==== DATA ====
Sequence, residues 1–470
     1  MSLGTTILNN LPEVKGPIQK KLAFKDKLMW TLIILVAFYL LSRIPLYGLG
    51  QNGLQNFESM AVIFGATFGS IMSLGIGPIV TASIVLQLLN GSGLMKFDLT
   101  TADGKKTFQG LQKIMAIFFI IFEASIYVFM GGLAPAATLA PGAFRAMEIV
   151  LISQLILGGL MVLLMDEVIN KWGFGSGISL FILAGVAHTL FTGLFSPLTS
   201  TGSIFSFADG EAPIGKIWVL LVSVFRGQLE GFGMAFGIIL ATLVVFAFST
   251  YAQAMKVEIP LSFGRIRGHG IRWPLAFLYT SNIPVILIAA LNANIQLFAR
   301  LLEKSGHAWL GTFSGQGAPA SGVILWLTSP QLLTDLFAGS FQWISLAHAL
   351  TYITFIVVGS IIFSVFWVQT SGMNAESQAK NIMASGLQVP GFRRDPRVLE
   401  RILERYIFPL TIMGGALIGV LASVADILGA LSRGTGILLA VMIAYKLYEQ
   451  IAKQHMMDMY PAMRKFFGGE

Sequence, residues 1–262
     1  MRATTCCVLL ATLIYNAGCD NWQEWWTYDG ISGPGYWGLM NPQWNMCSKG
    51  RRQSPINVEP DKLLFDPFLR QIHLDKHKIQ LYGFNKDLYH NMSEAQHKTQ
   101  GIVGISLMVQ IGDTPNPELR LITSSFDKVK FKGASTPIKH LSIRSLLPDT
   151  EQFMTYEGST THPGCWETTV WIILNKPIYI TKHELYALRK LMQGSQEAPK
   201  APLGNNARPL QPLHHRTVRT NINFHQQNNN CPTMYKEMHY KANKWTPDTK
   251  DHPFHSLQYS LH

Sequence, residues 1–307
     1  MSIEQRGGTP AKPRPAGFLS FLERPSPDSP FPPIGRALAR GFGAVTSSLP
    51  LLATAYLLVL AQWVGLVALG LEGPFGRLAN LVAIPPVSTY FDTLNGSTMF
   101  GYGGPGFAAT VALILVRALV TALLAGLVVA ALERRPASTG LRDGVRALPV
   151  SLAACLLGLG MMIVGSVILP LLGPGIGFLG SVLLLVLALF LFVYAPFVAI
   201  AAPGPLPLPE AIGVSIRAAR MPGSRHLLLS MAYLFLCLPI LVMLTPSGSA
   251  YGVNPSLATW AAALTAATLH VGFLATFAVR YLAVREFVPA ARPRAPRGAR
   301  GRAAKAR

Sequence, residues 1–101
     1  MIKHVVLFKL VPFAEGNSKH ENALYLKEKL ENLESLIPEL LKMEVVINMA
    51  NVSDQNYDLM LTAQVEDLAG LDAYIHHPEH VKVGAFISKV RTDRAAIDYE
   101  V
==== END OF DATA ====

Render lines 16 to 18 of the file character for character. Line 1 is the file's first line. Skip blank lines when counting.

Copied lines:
   151  EQFMTYEGST THPGCWETTV WIILNKPIYI TKHELYALRK LMQGSQEAPK
   201  APLGNNARPL QPLHHRTVRT NINFHQQNNN CPTMYKEMHY KANKWTPDTK
   251  DHPFHSLQYS LH